Comedy duo Key & Peele make their big-screen debut in Keanu. Read up on the stolen-cat comedy and this week's other new releases in our In Theaters section, where you can watch trailers, buy tickets, and more.
Daffy Duck and Speedy Gonzales find a treasure map that leads them to a wishing well, which for a penny will grant any wish (through old cartoon footage). Daffy sets up a resort around the ... See full summary »
In celebration of Bugs Bunny's fiftieth birthday, this television series, broadcast on weekdays, consisted of classic cartoons featuring Bugs Bunny and other characters conceived by the ... See full summary »
In this feature-length film combining footage from classic Warner Brothers cartoon shorts with newly animated bridging sequences, Daffy Duck, after having induced laughter in an ailing millionaire and forestalled the millionaire's death for a time (as chronicled in Daffy Dilly (1948), is the beneficiary for the deceased millionaire's assets. But the millionaire's will clearly stipulates that Daffy must use the money for the common good, by providing a service, and should Daffy think of pursuing selfish aims, the millionaire's ghost will "repossess" his millions by making them disappear from Earthly existence. Under the pretense of community service, Daffy opens an exorcism agency and employs Porky Pig, Sylvester Cat, and Bugs Bunny to track and eliminate ghosts, ghouls, and other monsters, while Daffy secretly schemes to use his learned "ghost-busting" talents to rid himself of the millionaire's nagging spirit. Written by
Kevin McCorry <email@example.com>
This is one of several Looney Tunes compilations made by Warner brothers in the 80s, and it was the one I watched the most- and still do when it's on TV- as a youth. It's another example from the others of old 50s cartoons put together into a plot that is meant just to string one short to the next, with Mel Blanc's obviously inconsistent voice filling in. Not that his voice at 80 is hard to take at all, but it does become jarring on repeat viewings to suddenly get that age gap just in-between lines of dialog, as if we as the audience didn't notice. The story for the film springs off from a short where Daffy- selling goofy objects on the cheap- tries to sucker JP Cubish for all of his loot by getting him to laugh (which he does finally, hilariously, by getting hit with pies). He leaves his fortune to Daffy with the provision that he use it in a 'service' kind of fashion. So, he opens up shop as a Ghostbuster racket, hiring out Bugs Bunny and Porky Pig for odd jobs out in Transylvania and haunted houses. It all leads up, in the end, to a humiliation due to a tiny elephant.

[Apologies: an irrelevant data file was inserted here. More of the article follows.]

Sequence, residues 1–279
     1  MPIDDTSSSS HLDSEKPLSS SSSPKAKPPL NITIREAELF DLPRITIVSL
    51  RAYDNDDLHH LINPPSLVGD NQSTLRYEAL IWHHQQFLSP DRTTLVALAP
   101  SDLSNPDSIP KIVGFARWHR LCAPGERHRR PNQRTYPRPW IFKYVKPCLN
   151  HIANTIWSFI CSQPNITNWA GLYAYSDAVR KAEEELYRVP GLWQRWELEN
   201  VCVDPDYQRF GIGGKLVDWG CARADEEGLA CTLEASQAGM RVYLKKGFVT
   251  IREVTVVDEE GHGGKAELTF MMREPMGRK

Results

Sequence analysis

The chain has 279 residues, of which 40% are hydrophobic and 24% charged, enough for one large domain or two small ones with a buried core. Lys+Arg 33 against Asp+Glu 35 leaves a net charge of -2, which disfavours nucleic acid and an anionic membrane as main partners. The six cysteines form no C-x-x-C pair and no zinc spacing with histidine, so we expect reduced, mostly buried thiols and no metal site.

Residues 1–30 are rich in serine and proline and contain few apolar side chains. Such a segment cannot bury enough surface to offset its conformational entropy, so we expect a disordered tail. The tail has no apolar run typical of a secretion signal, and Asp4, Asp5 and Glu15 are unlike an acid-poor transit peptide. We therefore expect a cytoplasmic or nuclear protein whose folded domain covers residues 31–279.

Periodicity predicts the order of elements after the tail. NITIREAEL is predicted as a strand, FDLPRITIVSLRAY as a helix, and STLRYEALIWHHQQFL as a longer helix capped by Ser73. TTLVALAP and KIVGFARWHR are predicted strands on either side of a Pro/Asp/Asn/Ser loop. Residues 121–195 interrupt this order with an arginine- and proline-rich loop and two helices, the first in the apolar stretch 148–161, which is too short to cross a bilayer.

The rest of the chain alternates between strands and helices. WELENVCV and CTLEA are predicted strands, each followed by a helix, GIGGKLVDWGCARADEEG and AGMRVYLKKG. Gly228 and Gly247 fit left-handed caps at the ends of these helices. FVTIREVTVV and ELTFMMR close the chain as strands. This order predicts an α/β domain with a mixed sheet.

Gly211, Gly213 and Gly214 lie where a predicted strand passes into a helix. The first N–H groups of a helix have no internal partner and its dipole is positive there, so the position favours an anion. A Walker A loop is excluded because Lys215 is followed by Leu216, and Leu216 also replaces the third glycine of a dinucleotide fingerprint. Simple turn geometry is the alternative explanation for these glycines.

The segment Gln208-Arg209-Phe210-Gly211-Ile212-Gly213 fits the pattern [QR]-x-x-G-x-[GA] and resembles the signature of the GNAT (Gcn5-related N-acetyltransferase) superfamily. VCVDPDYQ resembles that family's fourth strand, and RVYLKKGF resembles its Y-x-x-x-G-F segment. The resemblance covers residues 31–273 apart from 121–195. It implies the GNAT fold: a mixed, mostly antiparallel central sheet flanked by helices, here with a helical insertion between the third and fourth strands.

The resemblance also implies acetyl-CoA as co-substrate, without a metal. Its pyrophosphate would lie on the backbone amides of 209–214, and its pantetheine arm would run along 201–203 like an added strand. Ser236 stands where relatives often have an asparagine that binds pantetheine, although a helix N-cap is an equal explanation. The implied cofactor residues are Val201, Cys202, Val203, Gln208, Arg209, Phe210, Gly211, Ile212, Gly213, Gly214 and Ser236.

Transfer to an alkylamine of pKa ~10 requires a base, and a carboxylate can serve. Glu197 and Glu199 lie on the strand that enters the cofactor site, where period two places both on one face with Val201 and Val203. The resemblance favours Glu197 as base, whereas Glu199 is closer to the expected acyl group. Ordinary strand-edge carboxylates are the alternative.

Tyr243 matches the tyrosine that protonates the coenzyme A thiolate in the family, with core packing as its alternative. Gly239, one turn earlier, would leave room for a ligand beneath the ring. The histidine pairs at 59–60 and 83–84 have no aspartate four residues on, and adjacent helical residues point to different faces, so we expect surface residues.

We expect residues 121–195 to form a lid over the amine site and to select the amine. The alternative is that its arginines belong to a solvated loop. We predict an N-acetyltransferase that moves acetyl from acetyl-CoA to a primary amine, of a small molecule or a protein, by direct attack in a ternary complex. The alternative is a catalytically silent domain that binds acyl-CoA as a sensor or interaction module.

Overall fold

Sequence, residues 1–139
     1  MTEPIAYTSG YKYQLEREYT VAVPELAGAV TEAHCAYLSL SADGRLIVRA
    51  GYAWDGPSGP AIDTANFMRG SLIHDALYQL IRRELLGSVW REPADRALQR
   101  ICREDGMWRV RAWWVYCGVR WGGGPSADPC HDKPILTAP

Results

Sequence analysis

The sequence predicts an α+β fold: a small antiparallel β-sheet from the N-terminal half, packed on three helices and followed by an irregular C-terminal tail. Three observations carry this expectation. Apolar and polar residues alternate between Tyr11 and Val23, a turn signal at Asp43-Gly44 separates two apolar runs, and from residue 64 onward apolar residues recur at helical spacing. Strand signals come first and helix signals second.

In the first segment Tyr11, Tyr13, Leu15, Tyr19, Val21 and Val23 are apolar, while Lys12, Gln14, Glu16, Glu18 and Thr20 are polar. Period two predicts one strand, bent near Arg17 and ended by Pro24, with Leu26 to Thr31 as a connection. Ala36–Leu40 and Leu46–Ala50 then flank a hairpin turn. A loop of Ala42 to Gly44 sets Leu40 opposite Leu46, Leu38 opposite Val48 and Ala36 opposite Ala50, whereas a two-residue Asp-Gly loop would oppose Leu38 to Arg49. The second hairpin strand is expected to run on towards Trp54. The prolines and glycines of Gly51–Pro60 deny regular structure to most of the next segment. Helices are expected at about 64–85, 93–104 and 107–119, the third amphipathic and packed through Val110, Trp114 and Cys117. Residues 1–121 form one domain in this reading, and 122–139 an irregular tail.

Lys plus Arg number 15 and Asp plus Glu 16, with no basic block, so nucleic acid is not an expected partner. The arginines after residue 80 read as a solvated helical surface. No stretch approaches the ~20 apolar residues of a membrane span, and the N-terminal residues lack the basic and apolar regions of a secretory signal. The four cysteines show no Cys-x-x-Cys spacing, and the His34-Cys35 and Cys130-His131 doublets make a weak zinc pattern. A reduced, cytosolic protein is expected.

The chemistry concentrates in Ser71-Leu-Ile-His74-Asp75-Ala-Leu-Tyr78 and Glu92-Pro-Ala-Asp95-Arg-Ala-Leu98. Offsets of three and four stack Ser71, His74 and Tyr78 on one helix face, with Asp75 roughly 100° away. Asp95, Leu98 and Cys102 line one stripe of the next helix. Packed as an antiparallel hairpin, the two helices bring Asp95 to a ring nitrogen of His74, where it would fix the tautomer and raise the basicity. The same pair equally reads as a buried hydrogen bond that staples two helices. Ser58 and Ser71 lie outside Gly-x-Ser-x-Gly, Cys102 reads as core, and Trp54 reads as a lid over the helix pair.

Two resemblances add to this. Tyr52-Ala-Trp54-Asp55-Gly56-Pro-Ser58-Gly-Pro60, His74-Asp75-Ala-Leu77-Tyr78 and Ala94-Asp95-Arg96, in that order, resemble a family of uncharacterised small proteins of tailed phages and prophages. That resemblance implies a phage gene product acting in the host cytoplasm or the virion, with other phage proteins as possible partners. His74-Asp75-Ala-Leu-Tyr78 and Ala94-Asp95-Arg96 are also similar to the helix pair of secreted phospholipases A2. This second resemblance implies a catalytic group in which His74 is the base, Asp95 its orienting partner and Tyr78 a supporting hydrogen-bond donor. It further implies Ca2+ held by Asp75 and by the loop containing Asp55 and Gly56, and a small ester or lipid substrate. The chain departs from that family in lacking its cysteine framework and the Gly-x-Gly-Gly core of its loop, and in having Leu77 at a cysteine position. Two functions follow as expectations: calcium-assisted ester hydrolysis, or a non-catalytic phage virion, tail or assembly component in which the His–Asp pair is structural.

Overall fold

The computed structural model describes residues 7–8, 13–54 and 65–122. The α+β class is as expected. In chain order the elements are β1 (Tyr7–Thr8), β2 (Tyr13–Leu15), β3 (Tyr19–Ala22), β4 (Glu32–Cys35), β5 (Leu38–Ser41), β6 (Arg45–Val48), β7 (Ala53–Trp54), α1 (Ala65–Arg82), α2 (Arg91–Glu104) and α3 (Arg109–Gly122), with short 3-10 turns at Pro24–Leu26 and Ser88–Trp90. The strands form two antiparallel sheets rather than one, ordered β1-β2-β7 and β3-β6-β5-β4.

Like with the less successful string-together flicks of the early 80's, the storyline that is put together for Quackbusters is less than great, even a little too clunky. As a kid I didn't really put much bother to it, but again on repeat viewings it becomes about as obvious as Sylvester's jitters get. One such example is the very flat and ill-conceived bit where Daffy goes to the possessed woman's place. On the other hand, out of the all of the other animated films put together with the shorts- save for the Bugs Bunny and Road Runner Movie- this has the best shorts. My favorites include when Tweety gets the Heckle & Hyde treatment (very, very funny), or when Sylvester gets terrified by mice under a sheet. But the most indelible lines, in just sheer ludicrous and hysterical, fall-on-the-floor funny parts, are when Bugs tricks around the Blood Count ("Walla-walla-Washington", still gets me every time), and when Bugs and Daffy visit the Imbominable snowman. The film is also topped with a pre-short by a fairly humorous song sung by Mel Torme.
So, if you're one of those fans of Looney Tunes that hasn't seen the compilation films before, this is probably the best place to start, as the sum of the shorts are far greater and worth your time than what might be found in the other string-together films. That it still remains memorable more for the older shorts than the newer material is a credit of the late, great Chuck Jones, Friz Freleng, and Robert McKimson (the three ORIGINAL directors of the films, not of the in-between segments).
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